Of course there are side effects for both vaccines, as there are with almost all treatments and medicines. Upon doing some reading, I found a very interesting correlation. I read that a side effect of getting these vaccinations is fainting, which could technically happen with any medical procedure. This past year, I fainted twice. Boys, try not to get uncomfortable, but due to menstruation, you are here today. Anyway, both times I fainted happened to be on the first days of my period. I think I finished receiving these vaccinations last year...months before I fainted. I am wondering though; could these vaccinations have any correlation to me fainting? Of course circumstances are everything, which is what I linked my fainting to at first. But is it possible that I fainted because of long over-do side effects of the vaccination? Could it having been the first day of my menstruation have something to do with the vaccinations? I wonder...

Whether or not to get these vaccinations is really a personal choice; one you should think about based on your life choices, but also one that you should consult with your parents and even multiple doctors. It never hurts to get a second or third or fourth perspective!

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4 Comments

Paulina, my parents were also skeptical of me getting the vaccine, and did not allow it for a few years. My mom kept saying it was too new. However, once I was 18 I decided to get it. I immediately thought about this choice in science this year when Andrew explained that many health problems can take years to be noticed- such as lung cancer from smoking, or potentially tumors from corn. Of course I hope that we all wont die some tragic disease-ridden death in 20 years, but I now realize that the vaccine simply is too new to know. It's especially nerve racking when this comes up on google when you search "when did gardasil come out"

:http://truthaboutgardasil.org/memorial/

In clinical trials, it's reported that gardasil prevented 100% of cervical cancer. However, we cant see the study, or know how many people they tested. I would like to trust the FDA, but they approved harmful things before, so why not again?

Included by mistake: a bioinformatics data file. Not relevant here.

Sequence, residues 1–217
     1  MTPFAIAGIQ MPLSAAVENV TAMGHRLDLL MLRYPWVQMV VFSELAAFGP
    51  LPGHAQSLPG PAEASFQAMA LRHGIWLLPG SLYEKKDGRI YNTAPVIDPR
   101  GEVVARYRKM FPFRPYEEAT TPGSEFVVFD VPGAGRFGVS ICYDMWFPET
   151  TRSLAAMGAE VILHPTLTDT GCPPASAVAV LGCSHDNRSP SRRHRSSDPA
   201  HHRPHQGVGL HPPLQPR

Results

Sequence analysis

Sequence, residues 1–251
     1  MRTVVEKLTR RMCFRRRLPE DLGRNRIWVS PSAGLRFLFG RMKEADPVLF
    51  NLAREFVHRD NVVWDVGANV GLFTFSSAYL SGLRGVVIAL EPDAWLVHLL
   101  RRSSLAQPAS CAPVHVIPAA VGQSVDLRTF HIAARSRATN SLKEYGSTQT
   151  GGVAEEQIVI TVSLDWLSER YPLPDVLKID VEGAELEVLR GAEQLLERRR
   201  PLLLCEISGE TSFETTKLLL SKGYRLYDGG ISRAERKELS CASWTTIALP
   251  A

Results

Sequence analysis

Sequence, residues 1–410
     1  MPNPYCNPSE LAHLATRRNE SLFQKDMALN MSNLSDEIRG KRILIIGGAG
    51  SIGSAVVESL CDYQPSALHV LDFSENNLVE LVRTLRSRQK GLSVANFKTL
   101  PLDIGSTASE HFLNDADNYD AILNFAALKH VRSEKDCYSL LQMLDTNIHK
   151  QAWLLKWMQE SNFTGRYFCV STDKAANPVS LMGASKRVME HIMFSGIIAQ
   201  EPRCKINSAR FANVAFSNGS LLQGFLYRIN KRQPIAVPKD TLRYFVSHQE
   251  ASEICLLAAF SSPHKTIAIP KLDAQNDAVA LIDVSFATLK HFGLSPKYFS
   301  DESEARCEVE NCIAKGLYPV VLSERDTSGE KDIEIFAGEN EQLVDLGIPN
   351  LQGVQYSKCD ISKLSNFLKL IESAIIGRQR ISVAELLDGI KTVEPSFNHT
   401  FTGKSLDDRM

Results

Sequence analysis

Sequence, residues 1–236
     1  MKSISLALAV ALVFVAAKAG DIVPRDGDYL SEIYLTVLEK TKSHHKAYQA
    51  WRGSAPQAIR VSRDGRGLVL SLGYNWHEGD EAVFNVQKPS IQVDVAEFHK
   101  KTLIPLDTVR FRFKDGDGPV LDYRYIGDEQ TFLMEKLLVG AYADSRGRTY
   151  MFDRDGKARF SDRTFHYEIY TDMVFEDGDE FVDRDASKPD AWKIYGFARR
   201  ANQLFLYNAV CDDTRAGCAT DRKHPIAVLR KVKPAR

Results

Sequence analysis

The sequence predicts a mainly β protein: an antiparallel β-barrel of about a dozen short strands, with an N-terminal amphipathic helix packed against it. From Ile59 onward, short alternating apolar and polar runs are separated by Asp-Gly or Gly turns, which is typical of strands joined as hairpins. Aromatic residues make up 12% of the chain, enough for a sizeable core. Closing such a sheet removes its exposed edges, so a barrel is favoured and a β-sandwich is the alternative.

http://www.msnbc.msn.com/id/13206572/ns/health-cancer/t/fda-approves-first-vaccine-cervical-cancer/#.UHN8qkLU5FI

I'm so glad someone researched this vaccine! It has been one of those things that I have heard I "should" get, but have been advised by my parents (who are very skeptical of new vaccines) not to. You make a very valid point when you say that it really is our own decision whether or not to get the vaccine and we need to consider the personal costs and benefits of receiving the vaccine. Reading more about this vaccine also got me thinking about its nature: a vaccine designed to prevent cancer in specific areas of the body. Due to cancer's increasing presence in society, it seems very impressive that there is a vaccine designed to actually preventing cancer. I looked into other vaccines for preventing cancer and found that the HPV is actually only one of two vaccines approved by the FDA for preventing cancer: http://www.cancer.gov/cancertopics/factsheet/Therapy/cancer-vaccines

I will do a class or two on the HPV vaccine soon. Having taught it now for two years, which means looking into the safety and efficacy data pretty thoroughly, I think there is no question everyone should get it. I had my sons (17, 15 y.o) vaccinated: I do not want my future daughter -in-laws getting cervical cancer - or indeed any of the other HPV-induced cancers. For that matter, I do not want my sons getting any of the male equivalents.

Something like 30-50% of Penn State women students arrive at Penn State already infected with HPV. By the time they leave, 80% will have have been infected....

My parents are also extremely skeptical about this vaccine, especially my mom (who seems to be skeptical over any new type of medicine that comes out). She even showed me this CBS news report about girls who had supposedly undergone paralysis, seizures, and serious sickness after receiving the vaccine. At the time, it really did scare me and I vowed never to get it, however, I have begun to become skeptical of news reports and websites such as these that claim the vaccine is dangerous, especially after taking this class. Are they just news media outlets trying to get ratings off of exaggerated stories, or is there some truth behind the claims? I have found several blogs and websites claiming that the vaccine has terrible side effects, but no actual studies that show that these side effects are related to the vaccine. I guess it is just too early to know, and I certainly don't want cervical cancer, but the very slim chance that the vaccine could cause harm is also a little scary. I'm interested in what our class on the HPV vaccine will be like.